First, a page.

There's also an important role for parent mentors to play in discussing career trajectory. Traditionally, men who have families see more promotions compared to women with children. Knowing that having kids may represent a career setback for women, they may work with their mentors to create an action plan to "back on track" or to get recognized for their contributions as quickly as possible after returning to work.
Previously, in a bid to accommodate mothers transitioning back to work, corporate managers would make a show at lessoning the workload for newly returned mothers. This approach actually did more harm than good, as the mother's skills and ambitions were marginalized by these alleged "family friendly" policies, ultimately defining her for the workplace as a mother, rather than a person focused on career.
Today, this is changing. Some larger organizations, such as JP Morgan Chase, have structured mentorship programs that specifically target these issues and provide mentors for new parents. These programs match new parents navigating a transition back to work with volunteer mentors who are interested in helping and sponsoring moms. Mentors in the programs do not need to be moms, or even parents, themselves, but are passionate about making sure the opportunities are available.
It's just one other valuable way corporations are evolving when it comes to building quality relationships with their employees – and successfully retaining them, empowering women who face their own set of special barriers to career growth and leadership success.
Mentoring will always be a two way street. In ideal situations, both parties will benefit from the relationship. It's no different when women mentor working mothers getting back on track on the job. But there a few factors to consider when embracing this new form of mentorship
How to be a good Momtor?
Listen: For those mentoring a new parent, one of the best strategies to take is active listening. Be present and aware while the mentee shares their thoughts, repeat back what you hear in your own words, and acknowledge emotions. The returning mother is facing a range of emotions and potentially complicated situations, and the last thing she wants to hear is advice about how she should be feeling about the transition. Instead, be a sounding board for her feelings and issues with returning to work. Validate her concerns and provide a space where she can express herself without fear of retribution or bull-pen politics. This will allow the mentee a safe space to sort through her feelings and focus on her real challenges as a mother returning to work.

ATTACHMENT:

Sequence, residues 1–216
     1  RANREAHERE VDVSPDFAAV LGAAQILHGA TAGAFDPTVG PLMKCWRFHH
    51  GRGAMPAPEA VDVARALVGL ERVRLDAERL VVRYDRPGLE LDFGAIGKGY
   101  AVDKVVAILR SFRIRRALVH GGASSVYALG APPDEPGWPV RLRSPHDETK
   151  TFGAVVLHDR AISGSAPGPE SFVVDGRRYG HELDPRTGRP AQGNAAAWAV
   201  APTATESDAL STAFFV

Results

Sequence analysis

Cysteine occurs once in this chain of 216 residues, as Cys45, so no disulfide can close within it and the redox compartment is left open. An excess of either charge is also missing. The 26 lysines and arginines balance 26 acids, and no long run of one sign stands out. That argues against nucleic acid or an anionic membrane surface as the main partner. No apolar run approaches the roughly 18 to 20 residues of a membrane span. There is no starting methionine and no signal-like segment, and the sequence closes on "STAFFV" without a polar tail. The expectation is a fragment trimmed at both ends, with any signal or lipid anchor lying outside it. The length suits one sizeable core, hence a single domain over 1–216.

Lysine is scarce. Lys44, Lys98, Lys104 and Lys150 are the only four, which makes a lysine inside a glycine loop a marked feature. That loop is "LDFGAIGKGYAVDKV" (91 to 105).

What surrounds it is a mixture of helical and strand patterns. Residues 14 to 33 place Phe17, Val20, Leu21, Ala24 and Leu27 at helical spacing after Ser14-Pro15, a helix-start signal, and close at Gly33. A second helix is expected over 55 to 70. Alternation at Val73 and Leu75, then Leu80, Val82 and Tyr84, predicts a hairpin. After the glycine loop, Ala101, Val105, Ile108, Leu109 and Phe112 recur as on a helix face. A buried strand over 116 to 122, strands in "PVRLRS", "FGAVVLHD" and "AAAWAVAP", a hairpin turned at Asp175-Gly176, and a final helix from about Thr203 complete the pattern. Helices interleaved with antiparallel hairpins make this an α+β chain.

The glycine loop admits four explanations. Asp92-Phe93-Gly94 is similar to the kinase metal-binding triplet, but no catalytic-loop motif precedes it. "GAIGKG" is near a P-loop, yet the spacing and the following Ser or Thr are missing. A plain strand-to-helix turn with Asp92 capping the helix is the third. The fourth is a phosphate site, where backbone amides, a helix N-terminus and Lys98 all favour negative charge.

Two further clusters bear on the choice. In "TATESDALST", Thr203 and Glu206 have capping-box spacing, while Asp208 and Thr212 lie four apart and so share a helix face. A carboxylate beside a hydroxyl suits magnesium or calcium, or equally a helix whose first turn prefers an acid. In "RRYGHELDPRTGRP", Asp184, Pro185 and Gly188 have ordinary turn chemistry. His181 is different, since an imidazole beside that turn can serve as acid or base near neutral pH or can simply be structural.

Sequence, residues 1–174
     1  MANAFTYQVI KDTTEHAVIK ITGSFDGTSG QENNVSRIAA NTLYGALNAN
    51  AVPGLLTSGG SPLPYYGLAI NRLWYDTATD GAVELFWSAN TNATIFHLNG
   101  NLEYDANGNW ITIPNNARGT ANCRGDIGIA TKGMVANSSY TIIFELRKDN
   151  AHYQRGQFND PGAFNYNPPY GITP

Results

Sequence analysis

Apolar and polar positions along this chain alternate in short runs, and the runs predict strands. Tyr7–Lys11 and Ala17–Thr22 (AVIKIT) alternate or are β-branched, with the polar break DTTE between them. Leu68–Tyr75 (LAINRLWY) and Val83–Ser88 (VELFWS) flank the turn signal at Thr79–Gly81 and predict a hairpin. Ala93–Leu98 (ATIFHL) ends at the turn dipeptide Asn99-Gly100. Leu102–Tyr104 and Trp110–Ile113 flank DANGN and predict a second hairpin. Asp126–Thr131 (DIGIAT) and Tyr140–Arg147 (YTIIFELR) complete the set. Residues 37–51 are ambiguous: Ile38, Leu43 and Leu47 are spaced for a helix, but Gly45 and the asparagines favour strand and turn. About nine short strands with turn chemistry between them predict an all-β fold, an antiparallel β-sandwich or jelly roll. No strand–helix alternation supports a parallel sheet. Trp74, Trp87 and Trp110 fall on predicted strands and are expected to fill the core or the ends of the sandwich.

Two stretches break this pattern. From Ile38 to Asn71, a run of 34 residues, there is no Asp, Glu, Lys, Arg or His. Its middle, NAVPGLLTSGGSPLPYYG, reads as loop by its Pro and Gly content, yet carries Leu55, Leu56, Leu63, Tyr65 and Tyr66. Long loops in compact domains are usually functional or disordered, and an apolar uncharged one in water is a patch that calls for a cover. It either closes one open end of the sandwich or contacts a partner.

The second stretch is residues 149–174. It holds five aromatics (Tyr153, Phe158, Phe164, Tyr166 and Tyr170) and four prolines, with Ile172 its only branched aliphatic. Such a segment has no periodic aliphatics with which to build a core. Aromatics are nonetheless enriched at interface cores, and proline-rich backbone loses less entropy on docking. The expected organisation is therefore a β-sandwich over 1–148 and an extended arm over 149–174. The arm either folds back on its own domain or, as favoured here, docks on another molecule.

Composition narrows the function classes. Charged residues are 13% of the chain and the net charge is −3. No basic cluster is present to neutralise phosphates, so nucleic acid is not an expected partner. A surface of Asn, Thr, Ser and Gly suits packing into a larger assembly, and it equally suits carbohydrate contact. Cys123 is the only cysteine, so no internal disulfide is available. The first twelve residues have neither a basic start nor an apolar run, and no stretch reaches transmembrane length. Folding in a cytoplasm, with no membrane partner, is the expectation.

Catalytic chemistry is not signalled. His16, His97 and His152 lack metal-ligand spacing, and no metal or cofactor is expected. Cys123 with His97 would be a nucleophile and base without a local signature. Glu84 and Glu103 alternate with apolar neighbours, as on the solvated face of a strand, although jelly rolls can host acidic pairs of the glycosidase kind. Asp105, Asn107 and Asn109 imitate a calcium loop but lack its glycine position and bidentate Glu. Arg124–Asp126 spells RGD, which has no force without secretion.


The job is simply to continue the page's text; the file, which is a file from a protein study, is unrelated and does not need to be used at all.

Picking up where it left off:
Share: Assure the mentee that they aren't alone, that other parents just like them are navigating the transition back to work. Provide a list of ways you've coped with the transition yourself, as well as your best parenting tips. Don't be afraid to discuss mothering skills as well as career skills. Work on creative solutions to the particular issues your mentee is facing in striking her new work/life balance.
Update Work Goals: A career-minded woman often faces a new reality once a new child enters the picture. Previous career goals may appear out of reach now that she has family responsibilities at home. Each mentee is affected by this differently, but good momtors help parents update her work goals and strategies for realizing them, explaining, where applicable, where the company is in a position to help them with their dreams either through continuing education support or specific training initiatives.
Being a role model for a working mother provides a support system, at work, that they can rely on just like the one they rely on at home with family and friends. Knowing they have someone in the office, who has knowledge about both being a mom and a career woman, will go a long way towards helping them make the transition successfully themselves.